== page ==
Is it our belief that we’re the right kind of Christians in a world where many Christians seem to be the anti-Christ? Christian fascism and Christian nationalism are on the rise in our country, and many who bear the name Christian promote death and destruction and oppression and exclusion and hatred, all in Christ’s name. They seek political power to do what they want without restriction, and cover it with Christianity’s label. We are right to decry that abuse of the name of Christ, that betrayal of the love of Christ. We need to work against it as hard as we can.
But is our judgment of these Christians also our trap? Our self-justification? Do we think, “we’re right, we’re loving like Christ, and God knows that and is happy with us, not like those evil ones?” Maybe our self-righteousness is our burnt offerings.
The true answer for us is hidden in Jesus’ words and actions today.
Jesus says “those who are well don’t need a physician, only those who are sick.” He spends time with so-called “sinners,” the undesirables, the unclean, folks the Pharisees reject and cast out, because God’s mercy is for them.
And there’s the hidden secret: Jesus can only give God’s steadfast love and mercy to those who need it. Those who know they’re broken, sinful, those who have no ground to stand on before God. No offerings. No self-righteousness. These are the ones Jesus spends time with and loves because they’re the only ones who realize what he’s offering and their own need.
This is your real homework assignment, learning this: do you need God’s mercy? Do you have nothing to stand on before God except your hope that Jesus, God-with-us, came to seek and to heal the lost?
Go and learn what this means, Jesus says.
Ask yourself, what mercy do I need and want from God that I have a hard time admitting? It’s easier to compare ourselves to others who seem to be a lot worse. But it risks missing the mercy we need for life.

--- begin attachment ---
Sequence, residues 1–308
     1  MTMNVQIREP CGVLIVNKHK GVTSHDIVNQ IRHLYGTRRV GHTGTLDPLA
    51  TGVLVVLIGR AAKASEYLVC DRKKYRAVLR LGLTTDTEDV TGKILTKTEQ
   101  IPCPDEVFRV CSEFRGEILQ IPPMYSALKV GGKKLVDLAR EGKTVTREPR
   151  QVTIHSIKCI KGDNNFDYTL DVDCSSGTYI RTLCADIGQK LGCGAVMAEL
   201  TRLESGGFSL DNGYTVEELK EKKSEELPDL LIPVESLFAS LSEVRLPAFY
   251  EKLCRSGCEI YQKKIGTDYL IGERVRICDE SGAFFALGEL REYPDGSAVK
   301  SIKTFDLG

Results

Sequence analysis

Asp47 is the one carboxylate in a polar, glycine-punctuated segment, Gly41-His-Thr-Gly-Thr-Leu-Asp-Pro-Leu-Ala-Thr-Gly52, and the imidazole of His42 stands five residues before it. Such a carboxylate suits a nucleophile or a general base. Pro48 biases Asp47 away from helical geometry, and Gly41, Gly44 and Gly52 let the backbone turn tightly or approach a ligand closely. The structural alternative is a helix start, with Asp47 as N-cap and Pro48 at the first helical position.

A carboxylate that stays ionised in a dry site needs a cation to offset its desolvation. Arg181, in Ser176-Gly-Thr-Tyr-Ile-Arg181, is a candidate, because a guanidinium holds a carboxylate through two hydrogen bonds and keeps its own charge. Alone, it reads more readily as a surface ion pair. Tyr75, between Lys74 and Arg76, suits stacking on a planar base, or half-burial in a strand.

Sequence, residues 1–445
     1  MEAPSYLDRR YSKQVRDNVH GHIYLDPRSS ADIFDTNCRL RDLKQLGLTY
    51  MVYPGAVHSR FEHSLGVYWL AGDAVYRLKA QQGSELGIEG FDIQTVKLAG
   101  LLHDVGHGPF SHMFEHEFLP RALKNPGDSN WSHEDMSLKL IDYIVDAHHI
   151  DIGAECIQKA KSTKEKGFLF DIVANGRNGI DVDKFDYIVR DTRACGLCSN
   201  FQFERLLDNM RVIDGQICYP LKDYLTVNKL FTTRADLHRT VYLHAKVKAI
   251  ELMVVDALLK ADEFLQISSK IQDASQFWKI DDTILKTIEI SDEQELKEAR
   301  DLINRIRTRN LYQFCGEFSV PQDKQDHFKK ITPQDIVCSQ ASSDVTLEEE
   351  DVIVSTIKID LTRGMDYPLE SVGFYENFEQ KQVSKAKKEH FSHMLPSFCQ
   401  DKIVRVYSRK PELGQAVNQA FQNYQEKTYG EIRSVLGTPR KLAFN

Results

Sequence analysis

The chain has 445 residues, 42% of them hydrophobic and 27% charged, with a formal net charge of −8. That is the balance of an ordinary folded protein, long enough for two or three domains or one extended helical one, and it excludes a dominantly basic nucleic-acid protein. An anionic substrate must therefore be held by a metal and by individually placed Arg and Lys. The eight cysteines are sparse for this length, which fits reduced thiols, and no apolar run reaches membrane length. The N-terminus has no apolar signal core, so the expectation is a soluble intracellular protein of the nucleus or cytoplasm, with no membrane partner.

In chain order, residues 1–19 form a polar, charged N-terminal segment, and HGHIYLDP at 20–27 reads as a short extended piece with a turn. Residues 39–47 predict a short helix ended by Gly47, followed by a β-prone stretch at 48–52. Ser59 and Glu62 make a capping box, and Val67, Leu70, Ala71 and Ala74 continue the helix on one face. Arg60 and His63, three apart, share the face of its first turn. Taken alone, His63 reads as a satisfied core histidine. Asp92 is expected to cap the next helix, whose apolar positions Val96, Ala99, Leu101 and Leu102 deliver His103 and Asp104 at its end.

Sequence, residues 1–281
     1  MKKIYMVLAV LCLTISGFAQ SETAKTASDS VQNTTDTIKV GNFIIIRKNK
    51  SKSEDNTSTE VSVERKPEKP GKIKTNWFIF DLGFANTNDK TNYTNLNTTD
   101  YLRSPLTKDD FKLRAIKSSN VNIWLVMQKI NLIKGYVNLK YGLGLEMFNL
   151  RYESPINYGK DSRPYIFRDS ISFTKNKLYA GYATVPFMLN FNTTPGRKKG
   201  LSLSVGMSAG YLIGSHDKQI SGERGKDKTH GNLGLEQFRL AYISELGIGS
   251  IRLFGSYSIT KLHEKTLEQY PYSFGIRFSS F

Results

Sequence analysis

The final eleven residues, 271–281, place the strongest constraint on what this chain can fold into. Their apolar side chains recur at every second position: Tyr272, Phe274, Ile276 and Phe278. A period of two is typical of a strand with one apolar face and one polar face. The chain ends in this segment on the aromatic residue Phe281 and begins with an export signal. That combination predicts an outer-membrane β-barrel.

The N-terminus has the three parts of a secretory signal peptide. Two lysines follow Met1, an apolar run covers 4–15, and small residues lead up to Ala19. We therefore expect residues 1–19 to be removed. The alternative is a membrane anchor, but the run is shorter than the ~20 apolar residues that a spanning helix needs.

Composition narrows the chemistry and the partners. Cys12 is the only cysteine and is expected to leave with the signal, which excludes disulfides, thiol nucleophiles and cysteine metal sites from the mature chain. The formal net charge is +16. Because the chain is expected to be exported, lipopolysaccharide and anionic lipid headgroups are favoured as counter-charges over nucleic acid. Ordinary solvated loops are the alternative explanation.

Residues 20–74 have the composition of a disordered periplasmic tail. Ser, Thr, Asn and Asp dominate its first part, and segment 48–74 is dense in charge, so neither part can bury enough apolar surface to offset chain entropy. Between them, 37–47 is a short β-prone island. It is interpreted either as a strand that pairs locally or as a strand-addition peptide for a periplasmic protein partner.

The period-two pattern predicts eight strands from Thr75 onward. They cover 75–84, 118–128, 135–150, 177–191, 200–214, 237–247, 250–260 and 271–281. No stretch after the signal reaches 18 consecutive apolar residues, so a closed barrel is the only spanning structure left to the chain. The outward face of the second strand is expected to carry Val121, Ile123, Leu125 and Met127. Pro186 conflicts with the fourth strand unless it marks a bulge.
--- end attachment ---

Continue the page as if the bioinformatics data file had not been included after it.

How are you handling those deeply rooted habits and ways you cling to that hurt those you love and others? How are you doing with those inner prejudices that keep cropping up even though you’ve tried to get beyond them? How are you handling the racism and sexism and classism that lurk under the surface of our hearts? It’s hard to imagine what it would be to let go of our privilege we have, and yet, how is that keeping us, keeping you, from being a part of God’s abundance and grace for all God’s children?
Do you see? Once you take Jesus’ assignment seriously, you pretty quickly long for a God who has a heart of mercy and steadfast love for you.
And do you see? That’s exactly where you need to be to receive and know God’s mercy in Christ.
I didn’t come for people who think they’re well, Jesus said. Just for sick folks.
And I came, Jesus said, to give them abundant life, and a healed heart, and a hope for a healed world. Look at this dinner party Jesus attends: it’s full of people who only know two things, their need of God’s love, and the truth that they’ve found that love in Jesus.
The sooner you do our homework and learn your need of God’s steadfast love and mercy, the sooner you’ll rejoice in it. And the sooner we can all become part of the Triune God’s persistent plan to spread steadfast love and mercy to every child of God on this planet.
Go and learn what this means.
In the name of the Father, and of the + Son, and of the Holy Spirit. Amen